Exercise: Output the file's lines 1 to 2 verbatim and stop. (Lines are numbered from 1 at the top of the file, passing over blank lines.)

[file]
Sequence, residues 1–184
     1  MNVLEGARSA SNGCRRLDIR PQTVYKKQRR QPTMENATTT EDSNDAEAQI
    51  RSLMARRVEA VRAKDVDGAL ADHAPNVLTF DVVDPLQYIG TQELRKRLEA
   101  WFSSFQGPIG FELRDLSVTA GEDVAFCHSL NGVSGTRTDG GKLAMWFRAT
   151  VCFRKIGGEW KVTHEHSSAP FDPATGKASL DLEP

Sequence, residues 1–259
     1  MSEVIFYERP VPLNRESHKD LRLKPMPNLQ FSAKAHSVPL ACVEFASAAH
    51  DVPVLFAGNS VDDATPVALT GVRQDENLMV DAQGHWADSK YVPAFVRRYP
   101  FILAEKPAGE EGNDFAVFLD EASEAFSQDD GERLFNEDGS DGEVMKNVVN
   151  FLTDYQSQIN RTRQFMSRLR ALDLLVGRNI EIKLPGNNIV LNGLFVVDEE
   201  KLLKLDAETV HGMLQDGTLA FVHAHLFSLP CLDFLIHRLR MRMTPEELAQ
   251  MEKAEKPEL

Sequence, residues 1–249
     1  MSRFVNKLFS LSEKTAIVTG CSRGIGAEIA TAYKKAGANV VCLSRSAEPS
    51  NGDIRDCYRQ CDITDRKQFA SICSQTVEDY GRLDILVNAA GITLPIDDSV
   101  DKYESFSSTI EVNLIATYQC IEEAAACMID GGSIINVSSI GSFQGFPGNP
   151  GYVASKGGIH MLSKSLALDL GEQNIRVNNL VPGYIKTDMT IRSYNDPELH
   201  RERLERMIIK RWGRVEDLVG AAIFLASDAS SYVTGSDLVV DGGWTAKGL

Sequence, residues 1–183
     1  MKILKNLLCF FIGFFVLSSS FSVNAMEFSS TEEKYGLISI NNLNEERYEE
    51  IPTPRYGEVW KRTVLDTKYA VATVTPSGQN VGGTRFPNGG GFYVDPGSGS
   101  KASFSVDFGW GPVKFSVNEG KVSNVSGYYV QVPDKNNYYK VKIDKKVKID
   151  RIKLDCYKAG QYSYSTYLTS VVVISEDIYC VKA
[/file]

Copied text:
Sequence, residues 1–184
     1  MNVLEGARSA SNGCRRLDIR PQTVYKKQRR QPTMENATTT EDSNDAEAQI